Narrative Exposure Therapy: A Short-Term Treatment for Traumatic Stress Disorders

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Hogrefe Publishing, 2011 - Psychology - 118 pages
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New edition of the Narrative Exposure Therapy manual, an effective, short-term, culturally universal intervention for trauma victims - including the latest insights and new treatments for dissociation and social pain. Narrative Exposure Therapy (NET) is a successful and culturally universal intervention for the treatment of survivors of multiple and severe traumatic events, such as organized violence, torture, war, rape, and childhood abuse. Field tests in contexts of ongoing adversity and disaster areas, as well as controlled trials in various countries, have shown that three to six sessions can be sufficient to provide considerable relief.

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An exceptionally clear and well written book about a scientifically validated treatment strategy for PTSD. The authors carefully review the theoretical background focusing on the neurobiology of traumatic memories. The explanation of the technique is clear and supplemented by specific examples. They discuss potential problems and how to approach them. Overall, it is one of the best therapy manuals I have seen.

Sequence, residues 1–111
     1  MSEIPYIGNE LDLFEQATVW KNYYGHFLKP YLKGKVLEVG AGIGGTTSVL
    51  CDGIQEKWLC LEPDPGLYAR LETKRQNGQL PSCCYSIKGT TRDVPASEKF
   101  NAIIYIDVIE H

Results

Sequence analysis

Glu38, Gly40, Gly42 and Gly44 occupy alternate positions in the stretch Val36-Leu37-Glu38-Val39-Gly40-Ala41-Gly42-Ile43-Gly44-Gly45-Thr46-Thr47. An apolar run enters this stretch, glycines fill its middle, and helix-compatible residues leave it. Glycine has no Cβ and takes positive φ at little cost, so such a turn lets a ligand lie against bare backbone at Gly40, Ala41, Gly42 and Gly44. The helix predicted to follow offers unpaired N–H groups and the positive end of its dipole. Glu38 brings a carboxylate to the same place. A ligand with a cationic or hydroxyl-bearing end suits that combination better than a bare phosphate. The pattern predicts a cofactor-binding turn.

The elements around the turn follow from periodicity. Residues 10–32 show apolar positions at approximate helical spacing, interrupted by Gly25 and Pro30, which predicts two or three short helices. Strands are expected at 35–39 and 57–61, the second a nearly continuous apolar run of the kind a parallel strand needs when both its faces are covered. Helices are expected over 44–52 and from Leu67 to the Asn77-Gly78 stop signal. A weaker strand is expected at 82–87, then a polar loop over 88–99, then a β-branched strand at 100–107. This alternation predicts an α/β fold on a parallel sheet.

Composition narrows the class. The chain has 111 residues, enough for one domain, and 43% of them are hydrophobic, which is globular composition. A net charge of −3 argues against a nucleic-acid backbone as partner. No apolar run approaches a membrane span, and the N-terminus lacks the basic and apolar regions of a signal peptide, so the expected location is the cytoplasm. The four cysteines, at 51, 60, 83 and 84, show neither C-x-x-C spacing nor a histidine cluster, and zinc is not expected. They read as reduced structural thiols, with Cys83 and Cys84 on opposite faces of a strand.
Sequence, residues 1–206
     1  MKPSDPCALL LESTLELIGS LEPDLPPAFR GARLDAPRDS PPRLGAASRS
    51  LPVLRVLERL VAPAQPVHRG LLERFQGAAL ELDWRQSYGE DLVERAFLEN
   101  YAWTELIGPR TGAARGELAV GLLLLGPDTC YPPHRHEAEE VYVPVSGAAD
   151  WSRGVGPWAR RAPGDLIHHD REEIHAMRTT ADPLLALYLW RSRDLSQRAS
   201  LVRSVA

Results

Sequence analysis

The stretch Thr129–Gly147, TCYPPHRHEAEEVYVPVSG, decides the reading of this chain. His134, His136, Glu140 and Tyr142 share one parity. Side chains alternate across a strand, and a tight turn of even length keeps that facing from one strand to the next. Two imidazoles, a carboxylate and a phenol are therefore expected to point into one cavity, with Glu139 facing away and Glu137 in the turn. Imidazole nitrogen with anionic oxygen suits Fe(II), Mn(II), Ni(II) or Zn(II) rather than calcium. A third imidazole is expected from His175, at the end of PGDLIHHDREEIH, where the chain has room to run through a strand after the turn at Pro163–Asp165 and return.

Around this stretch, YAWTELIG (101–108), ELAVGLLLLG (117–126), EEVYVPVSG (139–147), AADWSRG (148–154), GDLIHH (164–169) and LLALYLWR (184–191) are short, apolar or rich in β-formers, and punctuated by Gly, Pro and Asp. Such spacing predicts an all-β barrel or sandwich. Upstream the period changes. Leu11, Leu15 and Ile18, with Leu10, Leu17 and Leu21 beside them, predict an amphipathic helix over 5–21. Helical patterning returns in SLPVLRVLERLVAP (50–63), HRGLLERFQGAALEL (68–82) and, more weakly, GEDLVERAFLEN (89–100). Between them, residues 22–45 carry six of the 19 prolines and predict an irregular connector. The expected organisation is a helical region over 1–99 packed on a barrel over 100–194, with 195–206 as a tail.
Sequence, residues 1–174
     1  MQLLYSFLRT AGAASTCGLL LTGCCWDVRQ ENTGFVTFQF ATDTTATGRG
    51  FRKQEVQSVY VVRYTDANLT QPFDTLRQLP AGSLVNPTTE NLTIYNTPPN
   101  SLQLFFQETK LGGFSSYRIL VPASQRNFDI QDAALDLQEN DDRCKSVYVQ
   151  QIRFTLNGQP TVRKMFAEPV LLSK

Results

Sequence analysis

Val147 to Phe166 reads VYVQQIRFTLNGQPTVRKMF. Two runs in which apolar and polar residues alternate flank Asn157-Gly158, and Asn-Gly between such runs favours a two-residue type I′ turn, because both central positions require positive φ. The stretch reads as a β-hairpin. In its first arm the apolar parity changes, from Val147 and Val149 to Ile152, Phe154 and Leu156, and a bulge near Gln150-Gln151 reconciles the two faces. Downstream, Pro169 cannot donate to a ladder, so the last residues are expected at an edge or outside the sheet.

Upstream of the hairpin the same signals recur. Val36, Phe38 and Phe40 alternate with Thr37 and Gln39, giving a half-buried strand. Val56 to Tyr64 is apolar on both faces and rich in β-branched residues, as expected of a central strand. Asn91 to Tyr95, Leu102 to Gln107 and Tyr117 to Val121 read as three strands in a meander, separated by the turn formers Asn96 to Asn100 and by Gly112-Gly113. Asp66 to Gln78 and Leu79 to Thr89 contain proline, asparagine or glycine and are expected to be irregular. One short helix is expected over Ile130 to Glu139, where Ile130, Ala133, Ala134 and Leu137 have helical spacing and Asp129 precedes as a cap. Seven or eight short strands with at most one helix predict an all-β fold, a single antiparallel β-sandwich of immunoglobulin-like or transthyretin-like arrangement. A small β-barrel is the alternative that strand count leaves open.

I have no criticisms of the text.
Conflict of interest: None
Patrick McGrath OC, PhD, FRSC, FCAHS, VP IWK Health Centre and Nova Scotia Health Authority, Professor and Canada Research Chair, Dalhousie University, Halifax, Canada


1 Introduction Voices of Victims
2 Theoretical Background
3 The Therapeutic Approach of Narrative Exposure Therapy NET

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About the author (2011)

Dr. Maggie Schauer is Director of the Psychological Outpatient Clinic at the University Konstanz. She specialized in the field of clinical psychology and psychotraumatology, with research including conditions of ongoing adversity for survivors of multiple and complex trauma.

Dr. Frank Neuner is Professor for Clinical Psychology and Psychotherapy at Bielefeld University. His publications focus on etiological, epidemiological, and therapeutic aspects of disorders of the trauma spectrum.

Dr. Thomas Elbert is Professor of Clinical Psychology and Neuropsychology at the University of Konstanz and a member of the German Academy of Science.

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